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Wildfire and Water: Exploring Climate Change in the American West - Part IV

In part three of the “wildfire and water” series, Jessa and Emma talk to ISU Geosciences graduate student Sarah Newcomb about the “water” aspect of Idaho’s environment, and how climate change is affecting our state’s water cycle.

Water cycles are an unseen but crucial part of Idaho’s ecological system. Continuing the conversation with Dr. Hicke, Sarah Newcomb helps us understand why water and fire are intricately connected, and how those geological and ecological mechanisms that connect them are now being disrupted with climate change. Through this new series, Jessa and Emma would like to inform their listeners about wildfire and water trends in Idaho, and also look into how scientists in and around Idaho are responding to climate change.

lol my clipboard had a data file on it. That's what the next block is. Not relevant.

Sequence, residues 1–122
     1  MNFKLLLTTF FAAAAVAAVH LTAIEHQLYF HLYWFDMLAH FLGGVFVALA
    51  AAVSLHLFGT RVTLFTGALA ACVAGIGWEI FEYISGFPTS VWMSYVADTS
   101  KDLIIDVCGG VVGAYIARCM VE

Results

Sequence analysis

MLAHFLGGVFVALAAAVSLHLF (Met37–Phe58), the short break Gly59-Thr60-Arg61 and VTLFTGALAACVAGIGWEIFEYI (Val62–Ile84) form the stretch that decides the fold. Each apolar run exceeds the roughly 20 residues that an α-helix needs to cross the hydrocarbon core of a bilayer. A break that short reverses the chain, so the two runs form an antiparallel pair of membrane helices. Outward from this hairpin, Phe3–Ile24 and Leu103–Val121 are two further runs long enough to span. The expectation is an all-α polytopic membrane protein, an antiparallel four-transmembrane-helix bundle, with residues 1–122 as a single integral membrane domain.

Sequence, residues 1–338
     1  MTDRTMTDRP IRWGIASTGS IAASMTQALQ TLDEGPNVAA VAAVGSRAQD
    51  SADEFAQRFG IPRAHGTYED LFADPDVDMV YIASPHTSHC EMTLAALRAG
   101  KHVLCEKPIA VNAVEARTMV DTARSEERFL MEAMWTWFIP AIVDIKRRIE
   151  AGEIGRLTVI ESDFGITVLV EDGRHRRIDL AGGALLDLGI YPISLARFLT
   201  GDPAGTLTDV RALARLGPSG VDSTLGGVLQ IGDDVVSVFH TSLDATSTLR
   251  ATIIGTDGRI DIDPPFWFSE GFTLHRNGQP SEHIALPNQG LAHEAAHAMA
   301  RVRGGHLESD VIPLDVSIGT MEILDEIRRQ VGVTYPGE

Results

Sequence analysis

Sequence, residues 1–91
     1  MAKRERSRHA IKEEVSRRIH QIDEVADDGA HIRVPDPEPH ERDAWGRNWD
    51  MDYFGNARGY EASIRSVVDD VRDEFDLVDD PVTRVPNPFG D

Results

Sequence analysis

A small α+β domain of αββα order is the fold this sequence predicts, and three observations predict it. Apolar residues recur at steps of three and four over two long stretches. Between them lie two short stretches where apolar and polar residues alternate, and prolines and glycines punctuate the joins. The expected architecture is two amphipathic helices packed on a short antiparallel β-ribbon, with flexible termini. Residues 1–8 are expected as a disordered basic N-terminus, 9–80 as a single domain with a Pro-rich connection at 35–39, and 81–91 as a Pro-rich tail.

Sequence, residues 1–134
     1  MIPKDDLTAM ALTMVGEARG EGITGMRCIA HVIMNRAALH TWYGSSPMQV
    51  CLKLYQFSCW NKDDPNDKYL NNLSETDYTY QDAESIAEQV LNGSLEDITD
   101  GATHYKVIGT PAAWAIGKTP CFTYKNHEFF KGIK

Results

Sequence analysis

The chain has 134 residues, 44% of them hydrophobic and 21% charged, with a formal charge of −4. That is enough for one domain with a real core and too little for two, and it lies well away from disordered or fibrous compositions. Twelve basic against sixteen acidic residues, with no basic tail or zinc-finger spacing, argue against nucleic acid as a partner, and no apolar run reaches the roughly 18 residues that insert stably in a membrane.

Sarah’s graduate profile explains her academic interests: I'm interested in how climate change is impacting water resources across the Western United States. Specifically, my research aims to characterize how nonperennial headwater streams respond to drought and the role of plant water use, groundwater age, and precipitation phase in either exacerbating or buffering this response.

For comments, topic suggestions, or more information, please reach out to Jessa at and Emma at

Jessa is in her final year of her undergraduate career, pursuing three majors: English with Creative Writing, History, and Global Studies with an emphasis in French Language and Literature. She is a published author through ISU's Black Rock & Sage literary magazine and hopes to join the Sustainability Club at ISU. Her sustainability journey began with her year abroad when she interned for Letters to the Earth, an organization dedicated to environmental sustainability. She hopes to work for Amnesty International until she can write books in the mountains full time.